• low molecular weight;
  • compatible with meat-free diets;
  • low rate of competition with other salts.

What is in it Zinc Orotate

Zinc orotate
Trace-element

Any questions?

Where is zinc found in the diet?

Most meats and nuts contain good levels of zinc, and it is also found in some other foods:

  • Oysters: 15-30mg per 100g.
  • Calves’, beef or pig’s liver: 6-12mg per 100g.
  • Beef: 7-12mg per 100g, depending on the cut.
  • Sesame seeds: 3mg per 60g.
  • Chicken: 3mg per 100g.
  • Dried mushrooms: 3mg per dozen mushrooms.
  • Cooked pulses: 2-3mg per 250g.

The body only absorbs 15%-40% of the zinc present in food, and this figure also declines with age.

Which individuals are at risk of a lack of zinc?

Though our bodies need very little zinc, intake of this trace-element is nonetheless essential.

As a result of changes in our eating habits, advanced farming techniques, impoverished soil and the almost inevitable refinement of cereals, mild deficiencies are common among modern societies.

This is particularly so among the following populations:

  • Those over 50 who often have inadequate zinc levels and reduced cellular immunity (5-6), primarily due to a decline in absorption of zinc in the gut and the effects of taking numerous drugs (7).
  • Those who eat little meat and fish. This is because the main dietary sources of zinc are meat, fish, and seafood, with pulses and nuts some way behind.
  • Those suffering from chronic conditions such as diabetes, who always have increased requirements for zinc (8).
  • Alcoholics.
  • Those with compromised immunity.
How should Zinc Orotate be taken?

It is advisable to leave at least a two-hour gap between supplementing with Zinc Orotate and taking antacids, antibiotics and tetracyclines.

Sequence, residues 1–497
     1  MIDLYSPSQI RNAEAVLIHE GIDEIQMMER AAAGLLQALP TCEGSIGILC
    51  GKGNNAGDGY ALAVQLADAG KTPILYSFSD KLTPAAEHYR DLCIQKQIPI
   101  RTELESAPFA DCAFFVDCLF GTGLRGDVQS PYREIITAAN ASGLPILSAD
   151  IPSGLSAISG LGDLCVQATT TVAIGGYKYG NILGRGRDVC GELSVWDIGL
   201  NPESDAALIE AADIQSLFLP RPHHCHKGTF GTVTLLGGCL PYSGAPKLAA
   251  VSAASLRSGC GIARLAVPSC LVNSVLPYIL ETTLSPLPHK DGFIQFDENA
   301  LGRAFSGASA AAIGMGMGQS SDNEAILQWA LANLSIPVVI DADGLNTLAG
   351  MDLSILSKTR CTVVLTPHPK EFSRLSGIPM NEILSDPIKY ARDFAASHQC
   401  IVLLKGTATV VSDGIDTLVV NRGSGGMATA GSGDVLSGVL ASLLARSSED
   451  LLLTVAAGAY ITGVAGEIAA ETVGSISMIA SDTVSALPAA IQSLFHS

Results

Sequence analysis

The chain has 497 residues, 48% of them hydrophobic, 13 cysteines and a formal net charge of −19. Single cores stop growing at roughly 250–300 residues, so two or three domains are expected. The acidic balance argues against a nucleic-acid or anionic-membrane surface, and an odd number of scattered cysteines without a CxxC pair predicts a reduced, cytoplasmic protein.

For optimal absorption, it’s also best to take zinc on an empty stomach, and not with a meal.

Generally speaking, deficiency in zinc is associated with deficiency in selenium. These two antioxidant trace-elements help to trap free radicals and as such, are potentially important anti-ageing substances. In cases of weak immunity, Zinc Orotate can be combined with the product Green Propolis, a supplement containing green propolis.

Many factors influence how well our immune systems respond to daily attacks: sleep quality, exposure to stress, physical fitness, and above all, diet. Throughout the period of zinc supplementation, we’d recommend also following these 10 steps to avoid falling ill over winter.

What’s the latest news on zinc?<

Zinc may help to fight infections by preventing excess inflammation(9). Though this was discovered in 2013, it remains relevant for the 2 billion people across the world affected by a lack of zinc.

Lack of zinc may also play a role in the development of hypertension (10). A study published in 2019 suggested that low zinc levels may contribute to high blood pressure by altering kidney function. Type 2 diabetics are mentioned in this study as being at higher risk of zinc deficiency.

Reviews

This product is rated 4.9 out of 5 stars
There are 32 reviews

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Excellent 32 Reviews
Daniel Fontaine

september 24 2023

Un produit qui me donne entiere satisfaction

Client

august 13 2023

Parfait. .

Daniel Fontaine

june 30 2023

Un tres bon produit qui me donne satisfaction..

Raphael

april 2 2024

très bon complément

Nadine Michalak Werle

march 31 2024

Complément efficace et conforme à la description